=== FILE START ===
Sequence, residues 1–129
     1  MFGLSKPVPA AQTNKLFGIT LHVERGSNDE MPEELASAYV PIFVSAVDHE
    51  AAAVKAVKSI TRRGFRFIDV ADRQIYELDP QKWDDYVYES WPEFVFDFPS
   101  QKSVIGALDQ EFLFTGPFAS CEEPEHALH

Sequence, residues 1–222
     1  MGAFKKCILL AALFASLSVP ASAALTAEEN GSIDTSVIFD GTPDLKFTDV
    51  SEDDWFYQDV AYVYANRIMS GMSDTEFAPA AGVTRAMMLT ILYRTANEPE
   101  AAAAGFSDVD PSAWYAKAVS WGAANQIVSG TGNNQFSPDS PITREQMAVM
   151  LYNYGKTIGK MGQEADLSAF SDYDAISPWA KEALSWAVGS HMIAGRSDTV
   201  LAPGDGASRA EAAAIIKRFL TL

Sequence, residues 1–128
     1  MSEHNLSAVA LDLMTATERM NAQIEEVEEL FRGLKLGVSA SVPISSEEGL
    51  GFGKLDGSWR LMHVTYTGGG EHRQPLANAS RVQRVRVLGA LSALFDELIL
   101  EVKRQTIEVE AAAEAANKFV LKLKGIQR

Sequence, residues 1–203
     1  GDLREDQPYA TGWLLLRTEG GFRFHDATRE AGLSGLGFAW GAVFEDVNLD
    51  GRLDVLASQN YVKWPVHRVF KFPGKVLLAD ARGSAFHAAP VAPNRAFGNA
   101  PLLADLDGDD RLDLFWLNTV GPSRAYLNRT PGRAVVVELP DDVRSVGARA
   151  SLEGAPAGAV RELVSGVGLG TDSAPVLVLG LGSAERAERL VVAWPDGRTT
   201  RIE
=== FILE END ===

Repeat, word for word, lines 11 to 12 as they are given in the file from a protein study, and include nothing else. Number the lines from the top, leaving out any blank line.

Sequence, residues 1–128
     1  MSEHNLSAVA LDLMTATERM NAQIEEVEEL FRGLKLGVSA SVPISSEEGL